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Monogamy

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Chief Makwira and his wives, Malawi, 1903. Older men had first priority. Younger men could gain access to women only through war or adultery.  Credit: Wikimedia Commons
In my last column, I reviewed the findings of Butovskaya et al. (2015) on testosterone and polygyny in two East African peoples: - Testosterone levels were higher in the polygynous Datoga than in the monogamous Hadza. This difference is innate. - Datoga men were more aggressive than Hadza men on all measures used (physical aggression,... Read More
Hadza men are smaller, less robust, and less aggressive than the more polygynous Datoga. Credit: Wikimedia Commons
Humans differ in paternal investment—the degree to which fathers help mothers care for their offspring. They differ in this way between individuals, between populations, and between stages of cultural evolution. During the earliest stage, when all humans were hunter-gatherers, men invested more in their offspring with increasing distance from the equator. Longer, colder winters made... Read More
Squamous cervix cells covered with rod-shaped bacteria, Gardnerella vaginalis(source) Bacterial vaginosis is a common disease among reproductive-aged women: Its incidence correlates with the number of lifetime sex partners, and this correlation holds true even when one controls for a series of socioeconomic variables: poverty, smoking, body mass index, douching frequency, education, and oral contraceptive use... Read More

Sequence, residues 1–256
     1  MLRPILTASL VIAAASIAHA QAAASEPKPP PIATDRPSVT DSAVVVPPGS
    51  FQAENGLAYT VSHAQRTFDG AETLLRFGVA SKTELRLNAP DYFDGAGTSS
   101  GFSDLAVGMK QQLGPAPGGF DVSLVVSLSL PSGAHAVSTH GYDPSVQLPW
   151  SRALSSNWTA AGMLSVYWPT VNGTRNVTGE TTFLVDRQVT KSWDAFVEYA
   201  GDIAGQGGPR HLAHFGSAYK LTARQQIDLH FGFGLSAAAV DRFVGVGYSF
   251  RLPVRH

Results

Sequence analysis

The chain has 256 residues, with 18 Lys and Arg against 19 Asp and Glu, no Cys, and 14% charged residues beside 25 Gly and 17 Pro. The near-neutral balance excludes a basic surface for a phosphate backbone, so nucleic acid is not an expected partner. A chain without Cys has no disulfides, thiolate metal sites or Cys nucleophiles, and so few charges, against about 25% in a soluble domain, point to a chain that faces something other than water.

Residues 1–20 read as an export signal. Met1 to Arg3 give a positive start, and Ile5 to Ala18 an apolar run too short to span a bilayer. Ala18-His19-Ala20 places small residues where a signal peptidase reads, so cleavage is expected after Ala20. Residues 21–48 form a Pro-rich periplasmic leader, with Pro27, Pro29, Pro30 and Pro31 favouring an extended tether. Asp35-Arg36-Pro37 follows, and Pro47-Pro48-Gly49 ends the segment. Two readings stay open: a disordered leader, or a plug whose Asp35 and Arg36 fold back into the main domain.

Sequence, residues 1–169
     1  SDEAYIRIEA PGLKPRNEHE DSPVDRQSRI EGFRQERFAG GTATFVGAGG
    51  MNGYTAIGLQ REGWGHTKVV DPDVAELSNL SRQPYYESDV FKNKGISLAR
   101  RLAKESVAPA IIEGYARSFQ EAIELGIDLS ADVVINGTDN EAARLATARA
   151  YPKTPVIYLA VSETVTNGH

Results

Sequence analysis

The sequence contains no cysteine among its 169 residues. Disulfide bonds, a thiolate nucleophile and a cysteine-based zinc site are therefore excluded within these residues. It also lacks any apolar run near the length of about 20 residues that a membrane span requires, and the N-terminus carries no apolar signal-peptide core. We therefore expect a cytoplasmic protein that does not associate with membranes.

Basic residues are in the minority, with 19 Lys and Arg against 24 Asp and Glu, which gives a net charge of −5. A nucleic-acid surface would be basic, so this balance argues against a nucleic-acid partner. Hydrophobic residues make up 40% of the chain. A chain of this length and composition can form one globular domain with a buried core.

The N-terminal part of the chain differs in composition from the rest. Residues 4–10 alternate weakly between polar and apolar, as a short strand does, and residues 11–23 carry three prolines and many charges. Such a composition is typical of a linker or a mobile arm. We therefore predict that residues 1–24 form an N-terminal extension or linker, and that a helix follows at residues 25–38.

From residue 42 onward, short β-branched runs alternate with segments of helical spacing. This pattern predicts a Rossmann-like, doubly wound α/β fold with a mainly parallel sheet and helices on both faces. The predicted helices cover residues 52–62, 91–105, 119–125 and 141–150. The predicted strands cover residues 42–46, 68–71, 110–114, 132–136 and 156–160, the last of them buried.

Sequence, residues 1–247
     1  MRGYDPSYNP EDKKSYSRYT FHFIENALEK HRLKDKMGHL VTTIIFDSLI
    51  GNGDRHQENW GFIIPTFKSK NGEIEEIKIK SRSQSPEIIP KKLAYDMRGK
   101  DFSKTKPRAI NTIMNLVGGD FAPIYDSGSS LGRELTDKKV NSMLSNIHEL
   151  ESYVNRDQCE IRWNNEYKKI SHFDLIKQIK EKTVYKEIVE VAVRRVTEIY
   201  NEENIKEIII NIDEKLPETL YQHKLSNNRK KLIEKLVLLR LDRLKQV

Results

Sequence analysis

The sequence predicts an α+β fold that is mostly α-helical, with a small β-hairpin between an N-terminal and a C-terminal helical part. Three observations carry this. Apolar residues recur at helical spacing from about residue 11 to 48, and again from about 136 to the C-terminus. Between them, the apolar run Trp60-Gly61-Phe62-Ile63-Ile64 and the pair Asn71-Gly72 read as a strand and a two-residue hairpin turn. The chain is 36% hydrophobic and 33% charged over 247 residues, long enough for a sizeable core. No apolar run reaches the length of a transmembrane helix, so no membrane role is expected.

Extraversion is part of the male toolkit for mating success. It is especially useful in societies where a high incidence of polygyny means too many men must compete for too few women. As a single man, I would spend close to $3,000 a year on dating. And that didn’t include things like buying a sportier-looking... Read More
Demon of lust. Chartres Cathedral. To create larger and more complex societies, humans had to restrain impulses that were hitherto considered normal. Michelle Langley has written an interesting critique of modern sexual behavior, especially with regard to women, In Women’s Infidelity, she argues that: Evolutionary psychologists have long assumed that women are hardwired for monogamy.... Read More
I have argued that sexual selection has varied within our species in both intensity and direction (men selecting women or women selecting men) (Frost, 2006; Frost, 2008). In particular, it seems to have varied along a north-south gradient with men being more strongly selected in the tropical zone and women in the temperate and arctic... Read More
The human mind seems to use facial color to determine whether a person is male or female. A man has a relatively dark facial color that contrasts poorly with his lip and eye color. Conversely, a woman has a relatively light facial color that contrasts sharply with her lip and eye color (Russell, 2003; Russell,... Read More
When Pedersen wrote the above almost two decades ago, he did not exactly fear the new marriage market of too many men chasing too few women. In fact, his prognosis was largely upbeat. There would be “lower divorce rates”, “greater marital stability”, “enhanced marital satisfaction for women”, “greater commitment by males to procurement of economic... Read More
Except for frontier areas, single women used to outnumbered single men on the American marriage market. This situation has reversed since the late 1970s and early 1980s because of falling male mortality and the rising numbers of older men divorcing and remarrying (Pedersen, 1991). Similar reversals have occurred throughout the Western world. In this new... Read More
Beginning in the late 1970s and early 1980s, a reversal took place throughout the Western world in the ratio of single men to single women among people of reproductive age. This sex ratio slipped from male scarcity to parity and then to a relative excess of males, due to a decline in male mortality and... Read More
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